Liquidnet, an institutional investment network, has run its live events for a couple of years under Liquidnet Labs and this year buy-side traders were actually able to trial soon-to-launch technology.
Natasha Shamis, global head of product for Liquidnet was in Sydney for the lab event last week and said this year was building off the concepts that were thought of last year.
“This time around we actually have things that are in raw development that haven’t hit the market yet, but that are built up enough that the traders can try them out.
“We have a simulated environment where the traders can trade against each other using the technology and see how some of new products feel to them,” she said.
Ms Shamis said actionable insights was the goal of the institutional traders as many of them had a good grasp of analytics but now needed to tie that into their trading actions.
“The theme is actionable insight. It’s really the big focus for us right now and that’s from the trading perspective and from the portfolio manage perspective,” said Ms Shamis.
In many ways it was about creating a platform that was similar to Netflix where personalisation for the trader was at the forefront, she said.
“If you think of the Netflix model right where they recommend specific shows to you, but they also generate new content based on what they see people looking at. It’s not something that we readily have in the industry today, but I think that’s where it’s evolving, and we need to be at the forefront of that kind of personalization.
“I think that the way that our trading system will look for each trader is going to be personalized in the future, and a lot of that is all around the data collection and the normalization,” said Ms Shamis.
There was also a changing view on AI said Ms Shamis, whereas once AI was a replacement for traders, it is now seen as an augmentation.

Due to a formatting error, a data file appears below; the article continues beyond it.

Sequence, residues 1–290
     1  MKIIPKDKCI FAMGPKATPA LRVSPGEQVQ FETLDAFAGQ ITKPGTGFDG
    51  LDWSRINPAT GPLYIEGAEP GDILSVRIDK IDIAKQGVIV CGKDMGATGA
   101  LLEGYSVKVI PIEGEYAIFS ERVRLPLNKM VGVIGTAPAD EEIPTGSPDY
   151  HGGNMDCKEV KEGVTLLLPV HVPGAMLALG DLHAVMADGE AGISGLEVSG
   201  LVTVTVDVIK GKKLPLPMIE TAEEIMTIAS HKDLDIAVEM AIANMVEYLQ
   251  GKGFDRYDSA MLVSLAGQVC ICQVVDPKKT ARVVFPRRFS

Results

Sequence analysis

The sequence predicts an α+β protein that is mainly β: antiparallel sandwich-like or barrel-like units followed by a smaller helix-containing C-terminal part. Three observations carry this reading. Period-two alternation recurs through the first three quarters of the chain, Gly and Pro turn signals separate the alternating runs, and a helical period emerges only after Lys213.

“As traders start using these technologies, and actually getting better performance on the back of them, that’s when they’re realizing this is actually going to have a positive impact on my role because I can get better performance hopefully leading to better returns in the overall portfolio,” she said.
Globally, institutional traders were heading towards automation, it was not just specific regions said Ms Shamis and that was reflected in the lab event.
“It used to be that maybe there was different focuses in different regions, or one region was more behind the other in adopting some technology. But this time around, I find that it's really consistent with the global trends of automation, AI, machine learning,” she said.
AI and machine learning would keep going and unstructured data would become the biggest new players for traders said Ms Shamis.
“When you look at unstructured data and you can look at something like a research report, or you can look at something like an earnings call, and natural language processing will look at what do the words mean relative to each other. Is there an alpha signal in the way that CEO says something, or the way that a CEO ducked a question on the call?”
Ms Shamis said that new technology would enable buy-side traders to thrive and not just get by and insights and analytics were the way to get there.
“It’s like your managing just enough to get by, when your attention is spread across everything. But when you have insight and analytics that show you where to focus that's where you’re not just managing. You’re actually generating alpha,” she said.